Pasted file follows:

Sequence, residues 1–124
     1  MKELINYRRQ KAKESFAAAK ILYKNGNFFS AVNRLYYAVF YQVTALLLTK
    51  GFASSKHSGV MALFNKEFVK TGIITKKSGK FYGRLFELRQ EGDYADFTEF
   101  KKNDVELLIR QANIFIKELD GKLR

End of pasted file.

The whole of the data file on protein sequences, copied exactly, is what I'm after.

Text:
Sequence, residues 1–124
     1  MKELINYRRQ KAKESFAAAK ILYKNGNFFS AVNRLYYAVF YQVTALLLTK
    51  GFASSKHSGV MALFNKEFVK TGIITKKSGK FYGRLFELRQ EGDYADFTEF
   101  KKNDVELLIR QANIFIKELD GKLR